ENews: December 27, 2018

Connecticut Public: For Much Of New England, Minimum Wage Going Up In 2019

The minimum wage is going up in four of the six New England states next year.

Massachusetts continues to lead the minimum wage race. Affected Bay State workers will get $12 an hour in 2019, up from $11. The tipped minimum wage also increases, but the rate for certain farm workers remains the same, at $8 an hour.

Maine, still abiding by a voter-approved ballot question, will increase its minimum wage to $11, up from $10.

Rhode Island’s wage will rise 40 cents to $10.50, and in Vermont, where increases are now somewhat tied to inflation, workers will get a 28-cent bump to $10.78 an hour. -READ MORE


Associated Press: New Study Shows Skilled Craft Unions and Biopharmaceutical Industry Partnership Resulted in $14 Billion in Major Construction Project Investment over Six Years

WASHINGTON–(BUSINESS WIRE)–Dec 13, 2018–The nation’s leading building trade unions today released a first-of-its-kind report on the economic impact of the long-standing partnership between skilled craft unions and the biopharmaceutical industry. America’s building trades helped drive more than $14 billion in investment across 11 states on major construction projects (over $5 million) active at any point between 2012 and 2017. During the same time period, skilled craft union workers earned a minimum of $454 million – in addition to tens of millions of dollars in funding for union health insurance and pension benefits.

“Following one of the worst economic downturns in our nation’s history, this data reinforces how we are driving critical investment that supports middle-class families with good jobs, while taking cutting-edge science from concept to reality,” said Eric M. Dean, General President of the International Association of Bridge, Structural, Ornamental and Reinforcing Iron Workers Union and chairman of the Pharmaceutical Industry Labor-Management Association (PILMA). “With this report, we can now quantify the tremendous impact of the partnership between skilled craft unions and the life sciences sector on regional economies throughout the country and, more importantly, on America’s skilled union workers.” -READ MORE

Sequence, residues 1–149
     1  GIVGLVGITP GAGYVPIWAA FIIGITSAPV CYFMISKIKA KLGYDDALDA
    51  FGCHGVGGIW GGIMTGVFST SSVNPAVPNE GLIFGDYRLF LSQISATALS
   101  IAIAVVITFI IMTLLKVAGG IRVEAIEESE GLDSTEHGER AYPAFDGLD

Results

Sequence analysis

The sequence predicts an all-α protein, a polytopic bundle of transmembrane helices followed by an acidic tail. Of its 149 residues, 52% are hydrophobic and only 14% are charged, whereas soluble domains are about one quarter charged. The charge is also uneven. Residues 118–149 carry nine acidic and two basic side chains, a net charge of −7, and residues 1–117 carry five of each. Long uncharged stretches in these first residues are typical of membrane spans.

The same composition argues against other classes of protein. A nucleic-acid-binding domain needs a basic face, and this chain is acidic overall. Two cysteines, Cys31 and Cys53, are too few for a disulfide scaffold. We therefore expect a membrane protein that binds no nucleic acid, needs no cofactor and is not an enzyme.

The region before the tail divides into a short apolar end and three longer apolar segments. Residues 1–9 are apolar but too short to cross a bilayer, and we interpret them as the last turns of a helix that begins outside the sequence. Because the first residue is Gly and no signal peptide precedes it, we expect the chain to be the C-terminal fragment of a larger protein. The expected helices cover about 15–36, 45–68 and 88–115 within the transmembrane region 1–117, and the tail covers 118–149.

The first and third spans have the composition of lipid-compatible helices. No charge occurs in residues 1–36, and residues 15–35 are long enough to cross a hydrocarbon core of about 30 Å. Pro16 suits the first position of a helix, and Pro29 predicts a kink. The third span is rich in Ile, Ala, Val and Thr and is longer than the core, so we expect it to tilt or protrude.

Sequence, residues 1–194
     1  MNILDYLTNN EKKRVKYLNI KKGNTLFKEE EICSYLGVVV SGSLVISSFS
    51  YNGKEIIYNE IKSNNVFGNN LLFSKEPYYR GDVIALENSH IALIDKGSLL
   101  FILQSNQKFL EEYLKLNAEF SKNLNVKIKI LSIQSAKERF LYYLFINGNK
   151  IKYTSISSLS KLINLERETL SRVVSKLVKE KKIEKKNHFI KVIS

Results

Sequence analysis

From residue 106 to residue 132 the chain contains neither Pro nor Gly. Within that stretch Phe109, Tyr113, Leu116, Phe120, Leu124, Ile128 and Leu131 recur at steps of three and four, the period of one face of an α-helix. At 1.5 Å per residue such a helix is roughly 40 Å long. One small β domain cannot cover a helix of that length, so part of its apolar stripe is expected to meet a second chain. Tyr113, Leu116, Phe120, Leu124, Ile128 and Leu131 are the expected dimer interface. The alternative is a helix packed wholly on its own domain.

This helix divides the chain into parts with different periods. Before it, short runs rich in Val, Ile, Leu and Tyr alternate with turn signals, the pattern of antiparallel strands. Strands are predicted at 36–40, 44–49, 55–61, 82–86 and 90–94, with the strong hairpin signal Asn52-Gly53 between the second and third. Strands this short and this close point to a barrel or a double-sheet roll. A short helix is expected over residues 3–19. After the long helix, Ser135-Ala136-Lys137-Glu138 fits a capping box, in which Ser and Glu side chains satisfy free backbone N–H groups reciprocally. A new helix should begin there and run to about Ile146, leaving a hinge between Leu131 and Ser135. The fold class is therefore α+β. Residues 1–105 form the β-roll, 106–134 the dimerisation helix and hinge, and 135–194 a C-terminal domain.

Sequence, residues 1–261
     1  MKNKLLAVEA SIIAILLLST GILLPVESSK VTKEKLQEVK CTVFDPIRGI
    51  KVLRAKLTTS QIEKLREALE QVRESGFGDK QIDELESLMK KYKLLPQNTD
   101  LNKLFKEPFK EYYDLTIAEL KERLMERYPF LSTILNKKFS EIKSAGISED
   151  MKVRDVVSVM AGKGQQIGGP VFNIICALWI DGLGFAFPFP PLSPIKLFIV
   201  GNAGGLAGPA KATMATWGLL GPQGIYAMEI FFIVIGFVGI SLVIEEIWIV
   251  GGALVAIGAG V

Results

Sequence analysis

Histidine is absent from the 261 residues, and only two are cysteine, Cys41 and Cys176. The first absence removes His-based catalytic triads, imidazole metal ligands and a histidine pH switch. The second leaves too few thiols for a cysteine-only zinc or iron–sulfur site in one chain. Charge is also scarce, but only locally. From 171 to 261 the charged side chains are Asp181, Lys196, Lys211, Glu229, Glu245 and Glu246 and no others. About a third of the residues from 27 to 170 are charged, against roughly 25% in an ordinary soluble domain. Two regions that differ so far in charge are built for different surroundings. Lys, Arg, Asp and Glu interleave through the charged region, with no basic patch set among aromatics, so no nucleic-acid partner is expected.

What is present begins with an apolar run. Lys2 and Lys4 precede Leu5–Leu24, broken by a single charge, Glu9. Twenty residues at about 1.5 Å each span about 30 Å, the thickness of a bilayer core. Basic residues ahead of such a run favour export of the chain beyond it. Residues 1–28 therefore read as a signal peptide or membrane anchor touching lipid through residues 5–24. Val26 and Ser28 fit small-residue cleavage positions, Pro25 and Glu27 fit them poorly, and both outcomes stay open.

American Prospect: For a Dead Movement, Labor’s Been Showing a Lot of Life

Google the phrase “unions are dying” and you’ll see a host of news stories reporting this demise over the past year—celebrated on the Right, lamented on the Left. But, to paraphrase Mark Twain, reports of this death have been greatly exaggerated.

Union membership has been in decline in the United States for the past 40 years as a result of de-industrialization, globalization, automation, fierce employer opposition, and labor laws that make it extremely difficult for workers to organize—as well as some self-inflicted wounds. Today, just 10.7 percent of American workers belong to a union.

Since their inception, unions have constantly been under attack from right-wing elected officials and the corporations that support them. With sweeping Republican victories at the state level during the Obama years, anti-union forces upped their efforts to end unionism in the U.S. They pushed so-called right-to-work legislation and other anti-union initiatives in multiple states. Those efforts only intensified after they won control of every branch of the federal government in 2016. -READ MORE


Labor Notes: Here’s the Secret to Getting Young Workers Involved

“How can we get young workers involved?”

That’s the question on everyone’s lips, with union density at near-record lows. Many unions have begun holding summits for young members or forming local committees, which is great.

But too often they’re missing a step that’s more essential: don’t sell young workers out.

When you settle a two-tier contract that puts new hires on a lower wage scale or trades away their pension, it sends a message: “This union is for us, not for you.”

Everyone who gets hired these days at UPS or on a postal delivery route can see they’re on a slow track to nowhere. No matter how many years they put in, they’ll never get where their co-workers are. That’s a mark against the union from Day One.

Unless these concessions are reversed they will eat away at unions, alienating incoming workers until they’re the only ones left. That’s obvious, right? Yet so many national union leaders seem to have missed the memo. -READ MORE



AFL-CIO: UAW Releases 2019 Union-Made Vehicle Buying Guide